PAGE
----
To accurately localize focal triggers during the initiation of paroxysmal or persistent AFib, the present invention makes use of systems and methods for effectively separating a signal portion of interest from a superimposed signal portion, with the two signal portions often being separated from a single signal sensed from at least one single sensor location. These signal separation techniques are particularly advantageous when used to isolate the P wave from a simultaneously occurring T-U wave. It may be possible in some circumstances to artificially separate these waves by active overdrive pacing using an intracardiac catheter with a pacing period selected to avoid superimposition of these two signal portions during artificially initiated arrhythmia. For the reason described above, non-invasive electrocardiographic localization of atrial arrhythmias, particularly atrial premature beats before or during invasive mapping procedures is highly advantageous. As will be understood with reference to
Referring now to
As described above, the method of program 40 generally includes recording of unipolar ECG data from the array of torso sites in step 42. The measured signal will include both the P wave (which is of interest for AFib) and a superimposed QRST signal portion 44.
In the exemplary embodiment, about 100 cardiac cycles of 62-channel ECG data are measured during sinus rhythm or atrial overdrive pacing. Optionally, ECG signals can be acquired during both sinus rhythm and atrial pacing. Fewer cycles may be used if the spatial and temporal variations of the QRST complex are relatively low. Typically, more than ten (10) cycles will be used, often more than 50 cycles for construction of the QRST template. As illustrated in
Each filtered QRS complex 48 may be identified using a complex-resonator/comb filter, together with a dual-edge threshold detection technique similar to that described by Ruha, A. et al., in an article entitled “A Real-Time Microprocessor QRS Detector System with a 1-ms Timing Accuracyfor the Measurement of Ambulatory HR V”, IEEE Trans. Biomed. Eng., 44:159-167 (1997), the disclosure of which is incorporated herein by reference. Alternative QRS detection methods might also be used.
R wave fiducial points are marked and the average R—R interval is computed. The dominant QRS morphology is identified, optionally using visual identification from pooled data, automated statistical methods, or the like. This dominant QRS morphology is used to select complexes for template creation.
QRST template construction 50 may be understood with reference to
Regarding QRS pattern criteria, complexes of each cycle are compared with the template using parametric cross-correlations. In the exemplary embodiment, Pearson's coefficients are computed for a fixed time window sliding over a 20 ms time period. Once again, a variety of alternative cross-correlations may be used. Each newly selected complex (for example, those having r≧0.98) is aligned and averaged with previously selected cycles, and the QRS template is updated. Each complex which does not have adequate correlation with the template is excluded, with these complexes often being ectopic or aberrantly conducted ventricular beats.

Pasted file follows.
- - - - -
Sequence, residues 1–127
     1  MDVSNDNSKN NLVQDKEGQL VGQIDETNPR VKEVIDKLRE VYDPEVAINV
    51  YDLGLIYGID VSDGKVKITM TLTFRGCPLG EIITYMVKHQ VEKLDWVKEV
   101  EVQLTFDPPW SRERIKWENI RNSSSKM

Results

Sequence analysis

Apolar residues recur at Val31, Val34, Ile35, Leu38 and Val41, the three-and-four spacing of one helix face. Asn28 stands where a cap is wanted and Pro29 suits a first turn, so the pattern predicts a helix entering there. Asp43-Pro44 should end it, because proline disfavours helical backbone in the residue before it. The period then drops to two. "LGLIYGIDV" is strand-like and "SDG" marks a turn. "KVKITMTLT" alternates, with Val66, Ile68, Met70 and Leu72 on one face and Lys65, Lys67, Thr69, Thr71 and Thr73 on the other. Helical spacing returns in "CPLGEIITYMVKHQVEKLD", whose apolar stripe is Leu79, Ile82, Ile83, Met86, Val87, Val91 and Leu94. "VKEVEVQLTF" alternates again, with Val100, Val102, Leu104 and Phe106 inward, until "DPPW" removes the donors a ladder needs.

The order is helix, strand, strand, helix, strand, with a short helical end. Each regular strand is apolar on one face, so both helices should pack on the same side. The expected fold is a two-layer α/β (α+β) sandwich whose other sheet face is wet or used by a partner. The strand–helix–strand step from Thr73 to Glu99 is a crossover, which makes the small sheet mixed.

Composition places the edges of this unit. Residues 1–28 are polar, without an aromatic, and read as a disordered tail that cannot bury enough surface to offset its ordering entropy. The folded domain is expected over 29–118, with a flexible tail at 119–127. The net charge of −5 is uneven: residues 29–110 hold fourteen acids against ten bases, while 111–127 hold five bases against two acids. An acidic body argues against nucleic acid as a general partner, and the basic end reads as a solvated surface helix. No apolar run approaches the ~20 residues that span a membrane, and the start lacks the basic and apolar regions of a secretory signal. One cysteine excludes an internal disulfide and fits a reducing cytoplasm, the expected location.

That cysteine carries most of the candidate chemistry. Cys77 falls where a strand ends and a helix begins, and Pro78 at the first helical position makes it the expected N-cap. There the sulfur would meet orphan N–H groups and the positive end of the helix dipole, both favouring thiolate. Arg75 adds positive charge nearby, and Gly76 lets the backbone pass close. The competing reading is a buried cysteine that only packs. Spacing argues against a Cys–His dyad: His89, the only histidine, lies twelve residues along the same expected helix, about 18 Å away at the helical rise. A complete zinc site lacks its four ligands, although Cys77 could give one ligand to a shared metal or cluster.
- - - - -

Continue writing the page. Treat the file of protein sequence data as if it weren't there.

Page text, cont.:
Minimum R-R duration threshold is computed and only complexes having an R-R duration above the computed threshold are used to create the QRST template. For each complex, the Q wave fiducial point is identified and the average Q-R interval is computed. The average Q-T interval (the length of the QRST complex) is computed, optionally using a modified Bazett's formula. Additional correction for baseline drifting may be performed using linear interpolation after averaging a window prior to the Q wave. An adaptive template may be constructed from the selected complexes by averaging their QRST intervals, optionally with the complexes aligned by a window surrounding the R wave fiducial point.
In step 52, the above-described fiducial window in the QRS complexes, together with an additional fiducial time window around the peak of the T wave, are marked automatically. These fiducial windows are marked in both the QRST template, and in the superimposed signal 48 containing a QRST complex together with a superimposed P wave.
In step 54, the template 56 and the superimposed signals are aligned. Typically, T wave window onset for the template is estimated as 0.64*QT. The T wave window is adjusted for each complex based on the QT interval length. Optionally, the operator can manually adjust any fiducial marker, such as by manipulating a mouse, joystick, by putting a numerical value, or the like, the template's QRS fiducial points and T wave windows are aligned with the respective windows of the superimposed QRST complex. Alignment of superimposed signal 48 and template 56 may be performed manually, or automatically by sliding windows over each other in 10-ms increments and calculating cross-correlation coefficients.
After alignment of the fiducial windows, the template is resampled as well as amplitude modulated 58, and then QRST subtraction is carried out as can be understood with reference to
The subtraction procedure from channel-to-channel may be performed according to electrode position. This facilitates maintaining sliding intervals as small as 10 ms while having the Q-T interval dispersion accessed in multiple leads. Additional low-pass filtering can be carried out to smooth possible QRS leakage after QRST subtraction. The remaining ECG signal after QRST subtraction features a P wave which is effectively isolated from the previously superimposed T-U wave.